Perhaps more of a destination than John O’Groats, Orkney is crammed with sights, from stone circles such as the Ring of Brodgar and WW2 shipwrecks emerging out of the shallow waters between the islands. It’s a complex of small islands, rather than one big one, as I had previously thought. In fact military history is a theme with the Italian Chapel, built by Italian POWs a must-see.
Long after we drove home, memories of the harbour, the birds and the wide-screen views have stayed with me. There’s little phone reception up here, and few people, so the birds and cliffs take on a kind of character-like importance in this unique part of the world. The deserted island of Stroma lies directly across the strait and, four miles beyond that, is the complex of islands that collectively fall under the Orkneys. You’d be pushed to find a more transporting view and I won’t forget this wonderful break any time soon.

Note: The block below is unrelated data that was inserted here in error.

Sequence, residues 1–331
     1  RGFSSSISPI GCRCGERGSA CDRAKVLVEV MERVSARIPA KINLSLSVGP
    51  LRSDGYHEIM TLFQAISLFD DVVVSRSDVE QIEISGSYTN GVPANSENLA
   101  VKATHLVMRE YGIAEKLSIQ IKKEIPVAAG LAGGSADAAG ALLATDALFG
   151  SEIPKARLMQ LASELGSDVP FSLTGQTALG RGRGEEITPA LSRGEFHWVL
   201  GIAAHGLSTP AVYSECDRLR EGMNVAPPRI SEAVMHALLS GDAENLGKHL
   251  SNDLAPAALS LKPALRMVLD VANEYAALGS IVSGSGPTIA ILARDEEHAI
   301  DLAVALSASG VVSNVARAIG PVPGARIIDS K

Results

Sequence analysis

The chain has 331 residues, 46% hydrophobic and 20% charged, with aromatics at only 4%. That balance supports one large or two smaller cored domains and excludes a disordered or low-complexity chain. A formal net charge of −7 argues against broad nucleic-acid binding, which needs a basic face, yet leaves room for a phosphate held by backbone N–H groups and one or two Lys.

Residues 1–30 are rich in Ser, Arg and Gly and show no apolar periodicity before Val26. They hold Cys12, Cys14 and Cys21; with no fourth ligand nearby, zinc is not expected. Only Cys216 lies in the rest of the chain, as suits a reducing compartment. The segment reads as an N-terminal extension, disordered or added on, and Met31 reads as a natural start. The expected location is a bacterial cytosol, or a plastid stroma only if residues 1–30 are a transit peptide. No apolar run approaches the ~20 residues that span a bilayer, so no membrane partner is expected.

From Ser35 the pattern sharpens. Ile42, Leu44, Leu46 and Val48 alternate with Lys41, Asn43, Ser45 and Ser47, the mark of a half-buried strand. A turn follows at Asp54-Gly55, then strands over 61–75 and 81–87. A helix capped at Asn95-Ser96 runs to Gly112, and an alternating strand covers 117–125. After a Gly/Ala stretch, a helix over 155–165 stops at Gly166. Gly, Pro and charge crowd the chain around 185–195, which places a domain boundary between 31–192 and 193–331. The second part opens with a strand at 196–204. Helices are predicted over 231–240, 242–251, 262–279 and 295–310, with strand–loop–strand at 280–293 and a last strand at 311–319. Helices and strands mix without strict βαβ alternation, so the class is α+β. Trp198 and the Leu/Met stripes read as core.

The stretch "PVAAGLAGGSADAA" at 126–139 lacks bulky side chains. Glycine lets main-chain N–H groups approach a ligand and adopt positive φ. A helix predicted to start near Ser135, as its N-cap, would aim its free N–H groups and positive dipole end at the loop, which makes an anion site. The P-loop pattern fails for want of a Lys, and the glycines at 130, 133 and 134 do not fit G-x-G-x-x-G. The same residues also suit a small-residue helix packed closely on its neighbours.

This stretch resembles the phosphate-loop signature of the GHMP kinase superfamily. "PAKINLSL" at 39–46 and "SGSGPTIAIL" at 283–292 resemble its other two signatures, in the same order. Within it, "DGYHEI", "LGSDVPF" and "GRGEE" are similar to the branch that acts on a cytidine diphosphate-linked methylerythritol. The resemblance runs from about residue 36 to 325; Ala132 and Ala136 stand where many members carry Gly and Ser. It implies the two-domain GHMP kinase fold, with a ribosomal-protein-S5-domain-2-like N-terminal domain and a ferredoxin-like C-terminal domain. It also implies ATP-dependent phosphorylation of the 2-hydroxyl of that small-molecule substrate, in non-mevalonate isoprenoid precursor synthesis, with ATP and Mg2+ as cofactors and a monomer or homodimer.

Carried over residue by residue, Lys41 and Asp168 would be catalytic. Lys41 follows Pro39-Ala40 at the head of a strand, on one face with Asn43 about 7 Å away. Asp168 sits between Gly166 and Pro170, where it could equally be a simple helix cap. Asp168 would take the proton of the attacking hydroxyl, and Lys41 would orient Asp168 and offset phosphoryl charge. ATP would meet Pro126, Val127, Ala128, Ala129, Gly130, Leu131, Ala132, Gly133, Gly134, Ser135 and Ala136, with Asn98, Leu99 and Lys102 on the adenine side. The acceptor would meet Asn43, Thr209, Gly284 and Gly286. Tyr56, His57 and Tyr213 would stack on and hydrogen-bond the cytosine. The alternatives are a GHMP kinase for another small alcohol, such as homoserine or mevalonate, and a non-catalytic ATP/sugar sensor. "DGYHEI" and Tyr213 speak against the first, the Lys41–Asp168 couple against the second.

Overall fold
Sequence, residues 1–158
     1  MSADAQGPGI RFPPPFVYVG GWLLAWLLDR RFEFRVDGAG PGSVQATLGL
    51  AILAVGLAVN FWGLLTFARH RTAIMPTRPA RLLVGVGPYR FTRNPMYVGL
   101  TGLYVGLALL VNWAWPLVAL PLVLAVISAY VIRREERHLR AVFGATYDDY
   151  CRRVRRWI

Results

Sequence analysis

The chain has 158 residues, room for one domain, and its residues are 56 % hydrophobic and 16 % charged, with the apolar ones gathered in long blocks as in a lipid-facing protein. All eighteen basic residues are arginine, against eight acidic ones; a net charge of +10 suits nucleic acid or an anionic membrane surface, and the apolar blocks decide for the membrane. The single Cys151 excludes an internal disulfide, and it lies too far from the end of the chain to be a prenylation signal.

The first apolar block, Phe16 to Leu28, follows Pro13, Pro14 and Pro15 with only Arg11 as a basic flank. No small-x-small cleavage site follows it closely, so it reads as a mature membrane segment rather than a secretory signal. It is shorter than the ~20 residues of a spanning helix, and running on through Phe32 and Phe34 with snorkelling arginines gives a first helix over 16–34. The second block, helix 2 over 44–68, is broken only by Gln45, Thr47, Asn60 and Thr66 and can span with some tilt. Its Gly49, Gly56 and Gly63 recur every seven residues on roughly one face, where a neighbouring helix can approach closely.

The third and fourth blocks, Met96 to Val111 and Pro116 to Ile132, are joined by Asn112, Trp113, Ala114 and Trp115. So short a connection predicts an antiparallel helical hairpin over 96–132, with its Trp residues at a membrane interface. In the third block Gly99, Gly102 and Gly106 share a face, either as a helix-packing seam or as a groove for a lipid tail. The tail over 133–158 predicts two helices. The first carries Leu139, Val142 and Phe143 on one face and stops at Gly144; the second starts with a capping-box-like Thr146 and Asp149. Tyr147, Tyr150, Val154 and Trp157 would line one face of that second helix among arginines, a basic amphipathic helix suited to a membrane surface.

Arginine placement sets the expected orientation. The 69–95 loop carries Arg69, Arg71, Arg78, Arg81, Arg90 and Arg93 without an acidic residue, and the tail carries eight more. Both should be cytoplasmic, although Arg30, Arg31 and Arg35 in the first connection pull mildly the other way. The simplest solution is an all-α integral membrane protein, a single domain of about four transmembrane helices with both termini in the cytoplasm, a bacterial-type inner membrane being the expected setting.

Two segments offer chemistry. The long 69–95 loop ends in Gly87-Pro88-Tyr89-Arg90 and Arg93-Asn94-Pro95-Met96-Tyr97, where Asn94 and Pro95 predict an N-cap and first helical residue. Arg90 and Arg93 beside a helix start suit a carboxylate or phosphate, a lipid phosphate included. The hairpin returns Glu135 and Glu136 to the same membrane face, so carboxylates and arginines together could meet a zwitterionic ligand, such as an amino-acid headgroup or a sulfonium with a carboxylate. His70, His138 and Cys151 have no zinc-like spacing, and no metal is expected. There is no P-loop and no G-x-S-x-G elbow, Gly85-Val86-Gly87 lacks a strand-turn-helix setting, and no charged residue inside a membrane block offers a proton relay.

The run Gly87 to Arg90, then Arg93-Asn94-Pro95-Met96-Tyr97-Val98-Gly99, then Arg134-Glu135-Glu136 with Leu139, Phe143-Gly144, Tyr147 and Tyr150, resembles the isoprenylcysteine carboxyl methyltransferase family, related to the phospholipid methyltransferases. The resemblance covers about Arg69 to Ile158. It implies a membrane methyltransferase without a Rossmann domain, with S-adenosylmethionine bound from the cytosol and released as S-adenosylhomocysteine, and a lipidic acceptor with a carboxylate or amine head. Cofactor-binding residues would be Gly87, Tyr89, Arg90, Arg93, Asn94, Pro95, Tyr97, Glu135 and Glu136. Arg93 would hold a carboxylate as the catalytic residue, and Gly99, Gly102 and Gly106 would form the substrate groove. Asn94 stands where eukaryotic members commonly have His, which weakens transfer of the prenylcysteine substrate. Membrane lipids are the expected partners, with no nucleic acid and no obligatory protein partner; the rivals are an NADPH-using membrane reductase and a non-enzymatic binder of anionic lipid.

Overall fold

Ruth took her own car, but car hire is available from Wick, which is the nearest town with an airport. Flybe operate flights there from Manchester. The nearest train station is also Wick, which is 16 miles to the south.
Public transport is very limited but if you don’t mind exploring on foot, there is plenty to see. There is a passenger (not car) ferry from John O’Groats to the Orkney Islands called The JOG Ferry. You can buy an Orkney ‘Maxi Tour’ ticket (£58 pp), which includes a bus tour of some of the island’s main attractions and the crossing or take single ticket for £30 return. A car ferry is run by Pentland Ferries from nearby Gills Bay Pier (also a good puffin watching spot) to St Margaret’s Hope in Orkney. The journey takes around one hour each way. Prices start from around £50 each way for one adult and car. Foot passengers cost £15 one way.